Altar Call – Opelika-Auburn News
October 22, 2006
Is it the business of the church to help people get flu shots?
Some people have never shied away from giving me advice about what should be the business of the church. They presume to have a direct line to heaven and think God has called them to make sure the preacher does not stray too far to the right or the left.
One man chastised me for not having preached the gospel. He said with stern conviction, “If you do not speak about ‘the blood of Christ’ you have not preached the gospel.” I think his favorite song was “There is Power in the Blood.” And it is a favorite of mine also though I felt his definition of the gospel was a bit too narrow.
Most preachers have great liberty to preach their convictions as long as they do not address the “sacred cows” of the congregation. They can get in hot water if they push the wrong buttons.
One fine man refused to come to church whenever he knew I would be preaching about stewardship. He knew I would encourage “storehouse tithing” to which he strenuously objected. I have always believed that the tithe, or ten per cent of one’s income, should be given to God, through the church, with no strings attached. He insisted that he could divide his tithe between the church and all other charitable giving. He was greatly disappointed that I would not cave in and agree with him.
Frequently during election years I have stressed in preaching the Christian’s responsibility to vote not for a certain political party but for the candidate that seemed most willing to honor God with integrity. It never fails that someone responds with the remark, “I think the church should stay out of politics and preachers should stick to preaching the gospel.”
Such a comment seems quite spiritual. Its intent is to make the preacher squirm for having muffed the ball as he stood behind the sacred desk. The truth is, most preachers will admit that sometimes we do miss the mark in preaching. More than once I have realized too late that my sermon subject was irrelevant and hardly worth my listeners’ time.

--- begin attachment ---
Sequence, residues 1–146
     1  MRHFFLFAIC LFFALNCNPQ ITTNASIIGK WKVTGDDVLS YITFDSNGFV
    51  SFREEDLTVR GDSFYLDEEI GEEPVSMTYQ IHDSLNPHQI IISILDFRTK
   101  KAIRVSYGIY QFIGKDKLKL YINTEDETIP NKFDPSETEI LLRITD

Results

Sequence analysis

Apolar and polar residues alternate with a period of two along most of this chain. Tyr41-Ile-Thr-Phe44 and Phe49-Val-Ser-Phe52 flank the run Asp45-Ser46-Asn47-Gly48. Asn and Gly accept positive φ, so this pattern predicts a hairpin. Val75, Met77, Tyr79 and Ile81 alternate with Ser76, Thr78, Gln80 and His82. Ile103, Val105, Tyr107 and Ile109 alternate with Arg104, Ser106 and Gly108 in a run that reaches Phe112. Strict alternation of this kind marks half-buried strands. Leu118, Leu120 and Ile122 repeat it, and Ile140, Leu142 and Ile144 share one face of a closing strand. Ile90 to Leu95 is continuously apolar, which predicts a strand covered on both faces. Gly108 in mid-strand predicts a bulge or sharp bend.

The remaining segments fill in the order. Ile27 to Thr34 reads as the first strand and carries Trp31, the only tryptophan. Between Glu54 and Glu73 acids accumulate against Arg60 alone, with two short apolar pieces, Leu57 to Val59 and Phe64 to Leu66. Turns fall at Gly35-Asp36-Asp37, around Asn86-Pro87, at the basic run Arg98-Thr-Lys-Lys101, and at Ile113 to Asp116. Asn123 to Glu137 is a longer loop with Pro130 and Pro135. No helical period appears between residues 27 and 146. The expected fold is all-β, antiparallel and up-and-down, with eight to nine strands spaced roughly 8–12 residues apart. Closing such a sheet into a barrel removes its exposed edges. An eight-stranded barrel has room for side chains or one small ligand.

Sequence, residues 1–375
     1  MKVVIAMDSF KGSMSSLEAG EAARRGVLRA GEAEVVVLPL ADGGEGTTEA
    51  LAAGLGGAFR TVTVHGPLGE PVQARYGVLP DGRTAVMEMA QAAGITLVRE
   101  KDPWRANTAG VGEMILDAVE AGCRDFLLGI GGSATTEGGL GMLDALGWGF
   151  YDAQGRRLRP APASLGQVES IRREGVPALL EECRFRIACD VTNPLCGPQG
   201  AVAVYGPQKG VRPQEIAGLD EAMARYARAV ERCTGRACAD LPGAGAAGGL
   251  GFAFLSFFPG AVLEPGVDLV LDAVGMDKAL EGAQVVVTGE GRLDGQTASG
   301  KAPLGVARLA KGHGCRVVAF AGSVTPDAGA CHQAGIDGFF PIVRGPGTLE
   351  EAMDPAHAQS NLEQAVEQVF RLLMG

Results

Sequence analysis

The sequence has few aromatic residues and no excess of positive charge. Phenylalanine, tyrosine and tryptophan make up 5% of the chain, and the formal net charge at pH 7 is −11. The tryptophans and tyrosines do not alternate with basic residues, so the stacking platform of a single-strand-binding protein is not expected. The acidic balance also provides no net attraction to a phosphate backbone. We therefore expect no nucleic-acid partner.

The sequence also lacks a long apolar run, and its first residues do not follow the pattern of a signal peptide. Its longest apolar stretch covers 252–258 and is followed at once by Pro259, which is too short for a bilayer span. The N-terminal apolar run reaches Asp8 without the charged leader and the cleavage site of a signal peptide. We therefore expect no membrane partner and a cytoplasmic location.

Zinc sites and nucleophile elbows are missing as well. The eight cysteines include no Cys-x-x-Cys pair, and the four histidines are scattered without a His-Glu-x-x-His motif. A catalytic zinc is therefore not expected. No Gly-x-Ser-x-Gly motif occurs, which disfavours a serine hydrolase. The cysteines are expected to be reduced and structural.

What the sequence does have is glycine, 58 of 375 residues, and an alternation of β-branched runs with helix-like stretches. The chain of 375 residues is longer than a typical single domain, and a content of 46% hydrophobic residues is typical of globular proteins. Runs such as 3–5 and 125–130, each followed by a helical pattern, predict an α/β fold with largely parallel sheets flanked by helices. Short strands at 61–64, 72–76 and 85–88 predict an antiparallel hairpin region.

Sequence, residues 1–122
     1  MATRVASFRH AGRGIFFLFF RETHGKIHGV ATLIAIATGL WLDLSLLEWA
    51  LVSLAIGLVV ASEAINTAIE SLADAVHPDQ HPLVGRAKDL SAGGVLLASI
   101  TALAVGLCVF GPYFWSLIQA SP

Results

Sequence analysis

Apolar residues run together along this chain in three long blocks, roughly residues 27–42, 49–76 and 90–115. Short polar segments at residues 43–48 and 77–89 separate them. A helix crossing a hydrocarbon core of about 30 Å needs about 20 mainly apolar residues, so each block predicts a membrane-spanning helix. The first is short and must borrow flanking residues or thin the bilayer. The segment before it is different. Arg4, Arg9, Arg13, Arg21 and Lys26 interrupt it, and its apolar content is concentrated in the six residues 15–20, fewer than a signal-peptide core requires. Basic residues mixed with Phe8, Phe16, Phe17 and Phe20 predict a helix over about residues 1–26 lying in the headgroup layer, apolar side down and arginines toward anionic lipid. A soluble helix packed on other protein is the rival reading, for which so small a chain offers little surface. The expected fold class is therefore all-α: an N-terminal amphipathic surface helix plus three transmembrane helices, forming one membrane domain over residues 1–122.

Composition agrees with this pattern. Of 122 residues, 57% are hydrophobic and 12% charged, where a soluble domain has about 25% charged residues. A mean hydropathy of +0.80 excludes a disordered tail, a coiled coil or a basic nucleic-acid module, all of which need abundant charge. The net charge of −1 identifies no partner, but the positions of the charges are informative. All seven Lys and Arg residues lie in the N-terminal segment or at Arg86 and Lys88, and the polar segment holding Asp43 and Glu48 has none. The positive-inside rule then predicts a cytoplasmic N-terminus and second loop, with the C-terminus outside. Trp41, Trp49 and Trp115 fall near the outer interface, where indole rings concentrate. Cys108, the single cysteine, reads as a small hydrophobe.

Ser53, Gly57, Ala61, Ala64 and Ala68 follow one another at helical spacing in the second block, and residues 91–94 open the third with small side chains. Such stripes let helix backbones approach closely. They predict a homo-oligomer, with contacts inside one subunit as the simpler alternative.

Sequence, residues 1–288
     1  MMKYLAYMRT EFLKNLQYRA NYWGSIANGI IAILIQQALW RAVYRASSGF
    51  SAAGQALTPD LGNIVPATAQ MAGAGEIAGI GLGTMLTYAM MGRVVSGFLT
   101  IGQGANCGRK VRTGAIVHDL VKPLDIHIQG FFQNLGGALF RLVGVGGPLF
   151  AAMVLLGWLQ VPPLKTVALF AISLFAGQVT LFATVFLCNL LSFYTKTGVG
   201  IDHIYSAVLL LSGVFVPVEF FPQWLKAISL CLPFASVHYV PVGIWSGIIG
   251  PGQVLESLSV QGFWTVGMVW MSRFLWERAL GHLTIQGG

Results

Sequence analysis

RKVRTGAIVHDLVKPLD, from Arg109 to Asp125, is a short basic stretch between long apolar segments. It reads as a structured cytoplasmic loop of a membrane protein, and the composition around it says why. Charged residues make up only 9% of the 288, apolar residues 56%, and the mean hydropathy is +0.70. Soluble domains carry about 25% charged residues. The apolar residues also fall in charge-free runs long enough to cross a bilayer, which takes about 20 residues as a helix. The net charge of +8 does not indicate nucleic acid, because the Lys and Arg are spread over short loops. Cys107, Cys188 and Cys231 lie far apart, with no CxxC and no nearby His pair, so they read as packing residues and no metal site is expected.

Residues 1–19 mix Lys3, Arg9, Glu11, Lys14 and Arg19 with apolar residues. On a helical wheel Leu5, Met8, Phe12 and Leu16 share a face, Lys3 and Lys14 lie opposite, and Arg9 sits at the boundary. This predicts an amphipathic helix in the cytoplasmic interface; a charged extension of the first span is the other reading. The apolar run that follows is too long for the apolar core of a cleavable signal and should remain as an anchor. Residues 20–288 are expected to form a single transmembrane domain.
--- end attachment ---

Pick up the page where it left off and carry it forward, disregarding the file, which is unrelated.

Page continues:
On the other hand, authentic preaching surely includes more subjects that heaven and hell. For too long the church focused too much on the soul and too little on the body. Thankfully most preachers have realized the need for a holistic approach to life. God is interested in every human need, not just helping people get a ticket to heaven.
The prevailing wisdom these days is that the church’s business is anything that may improve, or hinder, the quality of life for all people. Social ills that deprive people should be addressed, and deplored, in preaching. Community ministries that benefit people should have the support of churches and their pastors.
This week I spent several hours assisting people to get flu shots and pneumonia shots in our church. Our volunteers helped people fill out the necessary forms and secure the shots in a comfortable, welcoming environment. It cost our church nothing to provide a convenient place for this community service.
Is it the business of the church to help people obtain flu shots? Of course it is. Influenza can lead to severe illness like pneumonia. We helped several people reduce their risk of serious illness this winter. Call it an effort to improve the quality of life for those people.
It is the mission of the church to help people get to know God so they can go to heaven when this life is over. In the meantime we can demonstrate the love of God by meeting some of the physical needs of people during their journey to heaven. We can help them understand that God cares about the body as well as the soul.
Such caring may cause someone to become interested in knowing the God whom we serve and whose gospel we preach. It might even pique someone’s interest in the blood of Christ. + + +